Introduction: DIY Electronic Cigarette


This project is currently being updated. Feel free to get your comments and suggestions in so that the feedback can be used in my next build.

There is a problem with the circuit. Please see the comment from Zanderist below. I have updated the schematic in the next step.

So when I wanted to quit smoking I tried an electronic cigarette. They were expensive and didn't produce enough vapor for me. I figured hey it can't be that hard and decided to look into making my own.

Approximate cost not counting batteries is about $12

I took my existing electronic cigarette and hooked it up to a voltmeter and started making notes. I found other electronic cigarette models that had variable voltages so I decided to search through several forums out there to see what range of voltages were being used.

I found that most operate off 5-8vdc with wattage being a little higher than just from the battery alone so battery voltage needs to be higher than what is being used and the amp hours need to be high.

I found that most electronic cigarette mods were using IMR 14500 3.5v Lithium Ion Batteries

Needing to control the voltage I looked at several voltage regulators and came up with the LM317 because it supports the volt range I'm working with. I also wanted to leave room for creating a desktop model.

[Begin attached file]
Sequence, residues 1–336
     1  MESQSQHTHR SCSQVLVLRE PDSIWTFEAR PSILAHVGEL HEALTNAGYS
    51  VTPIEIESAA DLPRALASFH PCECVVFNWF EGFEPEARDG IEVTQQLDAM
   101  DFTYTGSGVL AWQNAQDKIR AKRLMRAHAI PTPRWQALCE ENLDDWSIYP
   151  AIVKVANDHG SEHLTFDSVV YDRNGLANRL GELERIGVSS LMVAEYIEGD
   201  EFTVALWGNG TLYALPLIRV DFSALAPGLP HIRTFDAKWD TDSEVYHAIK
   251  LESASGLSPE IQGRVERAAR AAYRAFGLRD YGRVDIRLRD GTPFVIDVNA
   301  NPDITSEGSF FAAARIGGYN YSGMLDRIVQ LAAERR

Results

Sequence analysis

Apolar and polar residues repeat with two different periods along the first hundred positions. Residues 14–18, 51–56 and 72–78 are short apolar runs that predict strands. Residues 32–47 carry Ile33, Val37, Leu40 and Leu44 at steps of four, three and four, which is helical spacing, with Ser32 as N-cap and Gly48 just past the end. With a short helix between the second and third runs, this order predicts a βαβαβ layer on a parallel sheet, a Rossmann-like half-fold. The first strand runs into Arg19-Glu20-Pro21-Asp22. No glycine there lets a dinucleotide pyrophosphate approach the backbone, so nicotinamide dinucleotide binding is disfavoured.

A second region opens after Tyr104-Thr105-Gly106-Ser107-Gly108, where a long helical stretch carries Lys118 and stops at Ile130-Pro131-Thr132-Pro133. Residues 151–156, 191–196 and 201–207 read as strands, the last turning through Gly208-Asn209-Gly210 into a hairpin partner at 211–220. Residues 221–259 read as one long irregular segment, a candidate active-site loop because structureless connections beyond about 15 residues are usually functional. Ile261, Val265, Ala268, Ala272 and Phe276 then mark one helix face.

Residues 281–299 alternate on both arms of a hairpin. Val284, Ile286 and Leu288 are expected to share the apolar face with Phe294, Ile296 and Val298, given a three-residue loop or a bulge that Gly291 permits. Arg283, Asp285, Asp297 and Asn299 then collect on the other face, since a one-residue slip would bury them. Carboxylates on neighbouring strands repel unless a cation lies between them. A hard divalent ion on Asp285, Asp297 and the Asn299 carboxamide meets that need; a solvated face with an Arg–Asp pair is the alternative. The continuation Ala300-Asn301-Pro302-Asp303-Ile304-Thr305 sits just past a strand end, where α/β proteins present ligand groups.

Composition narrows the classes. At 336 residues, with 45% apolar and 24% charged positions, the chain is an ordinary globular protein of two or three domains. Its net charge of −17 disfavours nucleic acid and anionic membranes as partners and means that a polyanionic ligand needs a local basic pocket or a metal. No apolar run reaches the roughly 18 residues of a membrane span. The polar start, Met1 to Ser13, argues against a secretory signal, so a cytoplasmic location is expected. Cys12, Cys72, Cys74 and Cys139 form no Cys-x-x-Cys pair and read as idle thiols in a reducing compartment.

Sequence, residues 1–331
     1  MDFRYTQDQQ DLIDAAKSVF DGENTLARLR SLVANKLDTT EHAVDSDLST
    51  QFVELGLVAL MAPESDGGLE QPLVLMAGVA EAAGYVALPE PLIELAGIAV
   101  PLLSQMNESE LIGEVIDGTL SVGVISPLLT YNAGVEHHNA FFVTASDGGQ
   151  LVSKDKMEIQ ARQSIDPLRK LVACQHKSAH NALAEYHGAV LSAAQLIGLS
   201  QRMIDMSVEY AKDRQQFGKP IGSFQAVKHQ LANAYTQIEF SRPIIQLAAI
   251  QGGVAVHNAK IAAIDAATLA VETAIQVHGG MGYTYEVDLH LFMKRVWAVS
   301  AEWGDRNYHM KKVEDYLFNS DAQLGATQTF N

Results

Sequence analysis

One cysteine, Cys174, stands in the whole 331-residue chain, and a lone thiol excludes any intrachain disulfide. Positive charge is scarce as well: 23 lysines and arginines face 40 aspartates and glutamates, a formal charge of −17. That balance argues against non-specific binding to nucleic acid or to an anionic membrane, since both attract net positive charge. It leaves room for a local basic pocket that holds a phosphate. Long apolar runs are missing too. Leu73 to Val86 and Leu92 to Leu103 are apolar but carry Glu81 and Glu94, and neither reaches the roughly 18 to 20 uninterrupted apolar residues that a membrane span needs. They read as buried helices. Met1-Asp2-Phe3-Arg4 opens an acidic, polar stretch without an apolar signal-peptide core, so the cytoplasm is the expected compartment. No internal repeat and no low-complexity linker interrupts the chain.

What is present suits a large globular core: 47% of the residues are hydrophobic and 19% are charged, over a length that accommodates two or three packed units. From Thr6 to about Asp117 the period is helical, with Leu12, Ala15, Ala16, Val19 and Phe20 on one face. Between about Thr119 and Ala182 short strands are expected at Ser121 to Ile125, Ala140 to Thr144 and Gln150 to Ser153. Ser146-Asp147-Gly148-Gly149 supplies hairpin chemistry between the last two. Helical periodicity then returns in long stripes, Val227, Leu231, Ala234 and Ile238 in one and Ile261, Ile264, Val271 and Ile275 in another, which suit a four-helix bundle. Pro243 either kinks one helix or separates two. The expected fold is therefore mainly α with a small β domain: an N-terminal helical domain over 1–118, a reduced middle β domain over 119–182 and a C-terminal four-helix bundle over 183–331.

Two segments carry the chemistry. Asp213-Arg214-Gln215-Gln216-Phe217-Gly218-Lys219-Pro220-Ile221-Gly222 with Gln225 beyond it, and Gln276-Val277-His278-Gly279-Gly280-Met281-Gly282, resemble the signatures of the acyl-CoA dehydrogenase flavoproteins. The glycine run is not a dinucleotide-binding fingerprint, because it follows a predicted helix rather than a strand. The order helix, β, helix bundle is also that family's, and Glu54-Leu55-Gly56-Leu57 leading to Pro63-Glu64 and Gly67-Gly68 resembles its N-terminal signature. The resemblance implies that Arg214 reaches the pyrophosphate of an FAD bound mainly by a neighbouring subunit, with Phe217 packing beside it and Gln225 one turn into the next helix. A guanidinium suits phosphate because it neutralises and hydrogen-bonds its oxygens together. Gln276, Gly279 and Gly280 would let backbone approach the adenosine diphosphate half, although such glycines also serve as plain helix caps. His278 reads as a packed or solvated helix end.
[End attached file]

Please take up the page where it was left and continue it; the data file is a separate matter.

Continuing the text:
Nicotine use in the US requires you to be 18 years of age or older but then again this project isn't about nicotine and I didn't use any when I really began to quit smoking.

Feel free to ask questions and/or make suggestions.

Step 1: Application Schematics & Math

Use the first schematic in this step. This update is from working with Zanderist. This was originally designed for the LM317 voltage regulator but after suggestions from Zanderist the design is now using LM338t. Other schematics are from my first design and manufacturer specs.

As far as the math goes I've done it for you so don't worry too much. I calculated the values based upon 7.5vdc but the intended use is around 6.5 to 7vdc. I left in the overhead because as the batteries get drained you can crank it up.

Step 2: Parts

Most parts can be found online. I bought some parts at radio shack but some parts didn't hold up on production models. The only difference here is the voltage regulator has been switched out with the LM338t.

In addition to the list in the image
Altoids tin
510 connector (atomizer screws on here)
IMR 14500 3.5v Lithium Ion Batteries (red wrapped batteries that look like AA's)

Step 3: Inside, Prototype and Various Views

See image notes for more detail